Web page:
Many available capillary columns have chemically bonded phases. In these, a chemical reaction takes place between the liquid phase and the surface after the column is coated. The liquid forms chemical bonds to the hydroxyl groups found on the surface of the fused silica. These phases have several advantages. They are mechanically stable, and will not tend to creep towards the lower part of the column, even at high temperatures. This helps to extend the useful life of the column. If a bonded column becomes contaminated, which may happen especially easily when it is used for direct on-column injection, it may be washed out with solvent. This will often return the column to its original efficiency.
Internal diameters of capillary columns range from the highest efficiency ones of 0.15 mm to wide bore columns of 0.53 mm. Typical values for H range from 0.13 mm for a 0.15mm ID column to 0.45 mm for a 0.53 mm ID column. The column length selected again depends on the complexity of the sample and the number of plates needed to effect the separation. The shortest column which will accomplish the separation is best, since a longer column will require a longer analysis time without adding to the information gained. One virtue of capillary columns is the ease of dividing a long column into two shorter ones. Sometimes a long column, which has been shown to have an excess of theoretical plates for the use, may be cut in half.
The usual liquid stationary phase layers are in the range of 0.12um to 0.2 µm. The thickest stationary phase coatings may range up to 5 mm, and find their most usual usage in the analysis of very low boiling substances, especially samples which are gases at room temperature. Figure Chapter 4 .10 shows the effect of film thickness on separation, and Figure Chapter 4 .11 shows the effect of column diameter. The best separation is that which gives an adequate separation in the shortest time.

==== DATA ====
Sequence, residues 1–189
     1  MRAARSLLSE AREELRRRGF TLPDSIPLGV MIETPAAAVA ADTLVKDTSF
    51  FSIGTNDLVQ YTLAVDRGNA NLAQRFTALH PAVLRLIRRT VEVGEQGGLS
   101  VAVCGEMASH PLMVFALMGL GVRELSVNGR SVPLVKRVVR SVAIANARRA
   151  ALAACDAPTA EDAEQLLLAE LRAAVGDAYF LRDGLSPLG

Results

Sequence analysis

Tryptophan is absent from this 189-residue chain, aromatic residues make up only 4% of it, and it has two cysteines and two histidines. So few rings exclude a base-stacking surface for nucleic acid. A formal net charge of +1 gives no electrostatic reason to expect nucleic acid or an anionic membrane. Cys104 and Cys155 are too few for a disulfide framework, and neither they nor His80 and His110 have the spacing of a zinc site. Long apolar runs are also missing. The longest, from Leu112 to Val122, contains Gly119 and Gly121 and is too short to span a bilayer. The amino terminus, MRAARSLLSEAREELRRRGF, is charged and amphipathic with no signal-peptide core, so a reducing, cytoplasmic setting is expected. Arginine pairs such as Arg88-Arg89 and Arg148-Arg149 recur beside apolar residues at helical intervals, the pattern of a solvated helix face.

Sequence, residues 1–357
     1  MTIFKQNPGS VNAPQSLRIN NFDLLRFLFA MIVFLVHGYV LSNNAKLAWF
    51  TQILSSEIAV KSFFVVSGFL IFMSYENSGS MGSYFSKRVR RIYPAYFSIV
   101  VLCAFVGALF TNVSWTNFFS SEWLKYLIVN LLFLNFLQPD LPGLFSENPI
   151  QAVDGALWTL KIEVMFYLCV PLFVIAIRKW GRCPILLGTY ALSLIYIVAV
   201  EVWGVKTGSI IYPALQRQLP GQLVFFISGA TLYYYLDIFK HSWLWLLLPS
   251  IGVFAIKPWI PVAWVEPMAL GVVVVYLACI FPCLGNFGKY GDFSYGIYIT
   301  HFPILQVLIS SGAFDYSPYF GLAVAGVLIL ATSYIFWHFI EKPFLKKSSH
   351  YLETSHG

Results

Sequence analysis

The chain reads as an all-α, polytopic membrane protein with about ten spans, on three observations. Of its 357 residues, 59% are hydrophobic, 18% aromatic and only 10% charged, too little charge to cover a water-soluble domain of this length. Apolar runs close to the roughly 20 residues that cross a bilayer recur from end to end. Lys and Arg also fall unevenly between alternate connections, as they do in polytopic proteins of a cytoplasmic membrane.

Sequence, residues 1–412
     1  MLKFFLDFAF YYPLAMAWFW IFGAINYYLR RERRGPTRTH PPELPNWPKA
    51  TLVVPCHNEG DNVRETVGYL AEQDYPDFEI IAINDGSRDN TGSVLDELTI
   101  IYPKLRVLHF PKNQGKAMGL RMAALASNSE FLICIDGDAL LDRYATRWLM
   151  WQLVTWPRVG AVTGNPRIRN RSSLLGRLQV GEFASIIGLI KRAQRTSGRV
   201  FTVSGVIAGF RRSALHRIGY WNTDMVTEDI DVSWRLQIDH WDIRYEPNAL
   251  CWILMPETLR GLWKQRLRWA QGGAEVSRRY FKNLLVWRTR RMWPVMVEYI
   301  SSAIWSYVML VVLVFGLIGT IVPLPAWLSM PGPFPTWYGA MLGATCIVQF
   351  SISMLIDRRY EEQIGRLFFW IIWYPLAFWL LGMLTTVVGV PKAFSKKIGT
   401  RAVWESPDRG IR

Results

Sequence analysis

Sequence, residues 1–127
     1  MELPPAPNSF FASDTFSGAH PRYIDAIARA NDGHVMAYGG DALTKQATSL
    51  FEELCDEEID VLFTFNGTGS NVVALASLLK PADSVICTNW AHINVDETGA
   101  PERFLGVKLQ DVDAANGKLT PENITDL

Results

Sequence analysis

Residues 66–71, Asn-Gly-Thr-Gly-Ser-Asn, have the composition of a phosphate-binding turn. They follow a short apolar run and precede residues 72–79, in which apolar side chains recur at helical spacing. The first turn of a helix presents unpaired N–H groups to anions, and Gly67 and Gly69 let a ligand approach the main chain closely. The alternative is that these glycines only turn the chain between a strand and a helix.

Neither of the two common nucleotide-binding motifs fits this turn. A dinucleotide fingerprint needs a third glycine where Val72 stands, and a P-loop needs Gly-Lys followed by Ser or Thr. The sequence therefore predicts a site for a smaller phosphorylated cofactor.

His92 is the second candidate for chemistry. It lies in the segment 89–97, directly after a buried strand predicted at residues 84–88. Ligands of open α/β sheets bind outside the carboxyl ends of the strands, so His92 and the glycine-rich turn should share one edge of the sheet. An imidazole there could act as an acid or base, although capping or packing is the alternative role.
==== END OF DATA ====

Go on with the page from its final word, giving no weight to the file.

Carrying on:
Porous layer open tubular (PLOT) columns are somewhat of a hybrid between packed and capillary columns. These are open tubular columns with a solid stationary phase layered on the inside surface of the column. These provide a means of doing gas/solid chromatography, with the advantages of an open tubular column.
The considerations which go into the selection of a column for any particular analysis can be summarized as follows:
· Is there a column offered which is designed for this analysis? Suppliers often design and sell columns which have been optimized for a certain commonly done sample. For example columns are made for light hydrocarbons, gasoline, pesticides, fatty acid methyl esters, and amines.